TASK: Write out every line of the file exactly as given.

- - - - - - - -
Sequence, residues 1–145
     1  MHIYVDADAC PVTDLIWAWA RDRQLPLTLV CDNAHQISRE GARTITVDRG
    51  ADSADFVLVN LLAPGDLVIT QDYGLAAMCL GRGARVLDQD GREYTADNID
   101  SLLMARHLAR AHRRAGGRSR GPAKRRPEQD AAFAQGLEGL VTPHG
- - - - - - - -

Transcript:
Sequence, residues 1–145
     1  MHIYVDADAC PVTDLIWAWA RDRQLPLTLV CDNAHQISRE GARTITVDRG
    51  ADSADFVLVN LLAPGDLVIT QDYGLAAMCL GRGARVLDQD GREYTADNID
   101  SLLMARHLAR AHRRAGGRSR GPAKRRPEQD AAFAQGLEGL VTPHG